Army turns to Hollywood for realism

Institute for Creative Technologies

The Army's partnership with Hollywood entered a new phase as it held the

grand opening of a center that will produce research for more realistic

simulators.

The Army celebrated the opening of the Institute for Creative Technologies

on Friday. In August 1999, the Army awarded a five-year, $45 million contract

to the University of Southern California to build the institute.

Friday's debut featured celebrities Stan Lee, the creator of Spider-Man,

and actors Kate Mulgrew of the "Star Trek: Voyager" TV series and Elliott

Gould, who starred in the movie "MASH."

Although the Army's simulators might never be as good as the fictional holodecks

on Star Trek, future simulators will be much more realistic than today's

systems, Army officials said.

"This is about injecting more realism in Army training because it is an

old and proven Army axiom that "realistic training saves lives,'" Army Secretary

Louis Caldera said. "Simulators allow you to safely turn up the heat without

the danger of training injuries or other accidents. Right now, flight simulators

allow pilots to get more experience reacting to threats, firing simulated

weapons and flying [over the terrain] of the Earth than they get with 100

hours of actual flying."

Army leaders have asked USC to seek more partners in the film and video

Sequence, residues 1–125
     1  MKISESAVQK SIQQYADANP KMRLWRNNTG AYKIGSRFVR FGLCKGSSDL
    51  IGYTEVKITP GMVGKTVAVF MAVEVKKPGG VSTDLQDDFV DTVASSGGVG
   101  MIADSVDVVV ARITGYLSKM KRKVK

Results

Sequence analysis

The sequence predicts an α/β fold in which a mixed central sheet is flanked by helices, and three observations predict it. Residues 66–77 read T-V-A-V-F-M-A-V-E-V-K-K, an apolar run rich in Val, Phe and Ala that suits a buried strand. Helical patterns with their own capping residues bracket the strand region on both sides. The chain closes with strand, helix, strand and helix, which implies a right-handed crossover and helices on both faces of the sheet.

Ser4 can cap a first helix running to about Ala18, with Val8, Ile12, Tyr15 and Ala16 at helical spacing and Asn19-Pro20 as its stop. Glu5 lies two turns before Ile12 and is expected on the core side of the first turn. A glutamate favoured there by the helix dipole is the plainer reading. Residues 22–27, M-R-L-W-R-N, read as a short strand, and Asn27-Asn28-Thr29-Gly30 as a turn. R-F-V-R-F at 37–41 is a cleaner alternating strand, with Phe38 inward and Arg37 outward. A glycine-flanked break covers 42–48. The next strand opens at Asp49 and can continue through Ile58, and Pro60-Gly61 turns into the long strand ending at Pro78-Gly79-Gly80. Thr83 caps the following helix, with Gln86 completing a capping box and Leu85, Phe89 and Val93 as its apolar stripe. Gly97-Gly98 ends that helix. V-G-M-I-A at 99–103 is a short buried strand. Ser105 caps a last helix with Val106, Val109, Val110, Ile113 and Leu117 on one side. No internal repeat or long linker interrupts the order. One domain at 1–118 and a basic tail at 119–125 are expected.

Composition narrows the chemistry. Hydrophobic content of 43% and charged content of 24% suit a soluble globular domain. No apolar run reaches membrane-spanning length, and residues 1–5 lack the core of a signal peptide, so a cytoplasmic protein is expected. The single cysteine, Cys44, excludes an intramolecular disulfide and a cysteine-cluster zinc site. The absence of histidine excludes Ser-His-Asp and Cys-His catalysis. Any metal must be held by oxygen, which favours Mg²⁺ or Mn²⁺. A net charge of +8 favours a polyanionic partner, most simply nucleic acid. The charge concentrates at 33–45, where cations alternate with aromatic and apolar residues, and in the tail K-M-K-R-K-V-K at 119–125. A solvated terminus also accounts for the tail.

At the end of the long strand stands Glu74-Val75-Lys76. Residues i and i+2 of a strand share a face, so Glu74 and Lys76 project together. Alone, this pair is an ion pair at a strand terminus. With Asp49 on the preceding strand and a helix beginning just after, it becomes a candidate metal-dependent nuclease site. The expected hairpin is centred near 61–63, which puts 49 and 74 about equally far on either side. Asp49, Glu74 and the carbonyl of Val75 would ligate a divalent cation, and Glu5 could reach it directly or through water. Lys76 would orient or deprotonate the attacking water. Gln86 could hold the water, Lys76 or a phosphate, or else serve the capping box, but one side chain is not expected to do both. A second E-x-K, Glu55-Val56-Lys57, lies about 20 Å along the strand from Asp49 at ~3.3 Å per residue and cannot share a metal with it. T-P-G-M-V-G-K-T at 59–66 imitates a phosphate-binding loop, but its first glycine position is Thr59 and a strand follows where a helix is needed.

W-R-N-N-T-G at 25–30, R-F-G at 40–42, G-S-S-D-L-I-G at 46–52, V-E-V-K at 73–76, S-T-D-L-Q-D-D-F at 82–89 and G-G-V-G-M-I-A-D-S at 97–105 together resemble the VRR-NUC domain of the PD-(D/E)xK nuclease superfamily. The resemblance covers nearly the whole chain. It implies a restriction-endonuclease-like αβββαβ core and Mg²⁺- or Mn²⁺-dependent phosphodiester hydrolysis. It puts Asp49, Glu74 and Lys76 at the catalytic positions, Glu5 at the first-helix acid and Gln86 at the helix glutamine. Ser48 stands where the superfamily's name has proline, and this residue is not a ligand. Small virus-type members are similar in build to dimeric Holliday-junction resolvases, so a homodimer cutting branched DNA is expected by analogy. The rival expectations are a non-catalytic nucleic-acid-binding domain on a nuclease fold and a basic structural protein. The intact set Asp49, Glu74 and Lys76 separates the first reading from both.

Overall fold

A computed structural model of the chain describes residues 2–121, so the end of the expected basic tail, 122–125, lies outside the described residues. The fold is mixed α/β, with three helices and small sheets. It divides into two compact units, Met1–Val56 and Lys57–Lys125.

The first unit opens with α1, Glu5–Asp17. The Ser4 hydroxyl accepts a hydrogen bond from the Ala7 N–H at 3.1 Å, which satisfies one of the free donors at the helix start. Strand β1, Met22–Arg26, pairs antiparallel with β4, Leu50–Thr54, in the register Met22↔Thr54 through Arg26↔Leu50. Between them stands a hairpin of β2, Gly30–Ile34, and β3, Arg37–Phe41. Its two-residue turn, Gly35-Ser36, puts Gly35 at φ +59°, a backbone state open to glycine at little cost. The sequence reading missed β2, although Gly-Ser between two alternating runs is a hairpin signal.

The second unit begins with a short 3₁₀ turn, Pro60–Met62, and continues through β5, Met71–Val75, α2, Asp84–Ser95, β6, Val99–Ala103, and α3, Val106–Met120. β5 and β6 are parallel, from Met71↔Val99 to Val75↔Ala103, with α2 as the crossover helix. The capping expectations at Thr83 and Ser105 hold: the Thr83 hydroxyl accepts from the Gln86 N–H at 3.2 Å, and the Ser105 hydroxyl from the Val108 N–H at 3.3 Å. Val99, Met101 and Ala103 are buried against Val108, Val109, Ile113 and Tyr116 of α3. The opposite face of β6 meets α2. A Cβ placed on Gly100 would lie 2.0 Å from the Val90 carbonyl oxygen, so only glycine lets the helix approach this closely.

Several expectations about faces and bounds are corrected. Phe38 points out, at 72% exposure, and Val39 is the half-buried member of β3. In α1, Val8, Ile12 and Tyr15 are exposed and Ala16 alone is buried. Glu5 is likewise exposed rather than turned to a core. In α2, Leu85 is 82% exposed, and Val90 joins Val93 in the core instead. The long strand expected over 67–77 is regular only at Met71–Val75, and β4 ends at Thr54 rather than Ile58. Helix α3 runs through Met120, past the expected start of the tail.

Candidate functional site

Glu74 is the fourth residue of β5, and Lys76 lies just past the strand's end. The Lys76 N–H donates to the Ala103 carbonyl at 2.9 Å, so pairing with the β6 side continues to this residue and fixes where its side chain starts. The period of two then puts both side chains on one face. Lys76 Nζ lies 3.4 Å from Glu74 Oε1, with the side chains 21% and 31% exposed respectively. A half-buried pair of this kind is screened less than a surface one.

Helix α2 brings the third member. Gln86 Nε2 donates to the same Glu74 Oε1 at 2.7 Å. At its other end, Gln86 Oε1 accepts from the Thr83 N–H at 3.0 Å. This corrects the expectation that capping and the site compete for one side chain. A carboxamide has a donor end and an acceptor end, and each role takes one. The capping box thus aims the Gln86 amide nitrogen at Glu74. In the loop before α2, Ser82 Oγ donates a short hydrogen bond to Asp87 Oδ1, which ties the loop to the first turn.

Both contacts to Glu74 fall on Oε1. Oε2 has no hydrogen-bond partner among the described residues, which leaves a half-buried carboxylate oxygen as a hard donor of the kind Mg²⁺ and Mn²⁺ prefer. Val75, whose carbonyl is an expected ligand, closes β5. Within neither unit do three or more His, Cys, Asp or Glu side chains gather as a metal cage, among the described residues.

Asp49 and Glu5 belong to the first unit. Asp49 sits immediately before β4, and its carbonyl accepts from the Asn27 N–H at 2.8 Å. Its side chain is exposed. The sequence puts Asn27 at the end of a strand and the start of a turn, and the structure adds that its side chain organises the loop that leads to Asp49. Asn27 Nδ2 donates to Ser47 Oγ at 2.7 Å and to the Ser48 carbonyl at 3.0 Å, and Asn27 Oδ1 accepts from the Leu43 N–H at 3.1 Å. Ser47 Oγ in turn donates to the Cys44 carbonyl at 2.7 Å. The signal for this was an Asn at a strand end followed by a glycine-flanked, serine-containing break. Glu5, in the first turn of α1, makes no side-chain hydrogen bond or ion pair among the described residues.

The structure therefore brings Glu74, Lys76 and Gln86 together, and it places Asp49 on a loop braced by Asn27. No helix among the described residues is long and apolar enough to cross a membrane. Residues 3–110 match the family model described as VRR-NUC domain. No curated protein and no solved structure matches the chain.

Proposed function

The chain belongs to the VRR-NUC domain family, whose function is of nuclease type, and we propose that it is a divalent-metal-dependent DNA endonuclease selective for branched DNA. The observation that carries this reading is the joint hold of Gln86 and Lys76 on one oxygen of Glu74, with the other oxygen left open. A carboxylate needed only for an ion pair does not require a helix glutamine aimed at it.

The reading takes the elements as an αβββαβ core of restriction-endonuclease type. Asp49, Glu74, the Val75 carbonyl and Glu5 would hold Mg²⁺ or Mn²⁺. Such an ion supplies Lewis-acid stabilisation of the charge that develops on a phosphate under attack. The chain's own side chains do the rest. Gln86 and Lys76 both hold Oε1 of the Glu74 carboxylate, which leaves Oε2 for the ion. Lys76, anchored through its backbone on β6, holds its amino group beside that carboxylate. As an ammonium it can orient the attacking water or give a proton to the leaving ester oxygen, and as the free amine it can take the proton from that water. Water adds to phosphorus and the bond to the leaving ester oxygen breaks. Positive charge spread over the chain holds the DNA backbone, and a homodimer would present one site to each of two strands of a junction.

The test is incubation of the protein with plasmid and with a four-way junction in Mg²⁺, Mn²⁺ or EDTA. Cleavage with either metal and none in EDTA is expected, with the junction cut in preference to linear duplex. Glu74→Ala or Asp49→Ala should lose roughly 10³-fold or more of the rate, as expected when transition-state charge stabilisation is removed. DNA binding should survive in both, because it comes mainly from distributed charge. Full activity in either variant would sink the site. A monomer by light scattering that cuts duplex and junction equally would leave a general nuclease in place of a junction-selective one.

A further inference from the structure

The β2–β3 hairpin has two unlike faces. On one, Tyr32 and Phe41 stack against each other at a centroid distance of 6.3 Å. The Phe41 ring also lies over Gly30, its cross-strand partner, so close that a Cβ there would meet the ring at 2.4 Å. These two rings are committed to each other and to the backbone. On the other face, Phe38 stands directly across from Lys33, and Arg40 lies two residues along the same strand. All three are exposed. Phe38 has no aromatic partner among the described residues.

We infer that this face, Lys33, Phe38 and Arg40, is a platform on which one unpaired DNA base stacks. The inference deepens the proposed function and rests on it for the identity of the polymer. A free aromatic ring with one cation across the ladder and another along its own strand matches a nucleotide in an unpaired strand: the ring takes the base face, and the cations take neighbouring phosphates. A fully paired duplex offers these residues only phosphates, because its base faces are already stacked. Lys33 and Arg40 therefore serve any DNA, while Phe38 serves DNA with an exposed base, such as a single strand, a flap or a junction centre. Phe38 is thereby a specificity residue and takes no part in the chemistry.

game industries to help develop simulator technology. Paramount Pictures

and Sony Electronics are among those who have already signed up.

The opening of the institute Friday featured presentations of simulation

concepts, including the Mission Rehearsal Exercise System, which is being

developed to allow soldiers to experience the sights, sounds and circumstances

of actual deployments.

The system immerses soldiers in an intense 3-D audio and graphic environment

in which they are required to make quick decisions, according to William

Swartout, technical director for the new research center.

Swartout added that getting realistic simulator software to the field more

quickly is a top priority.

"One of the big issues we are trying to address is that it often takes six

months to develop software for a crisis which is usually over with by the

time the program's ready," Swartout said. "We want to build up a large library

of different environments from around the world into which we can import

characters from other scenarios."

At some point, soldiers might be able to train while in flight to a deployment,

learning about the terrain, culture and mission prior to hitting the ground,

he said.

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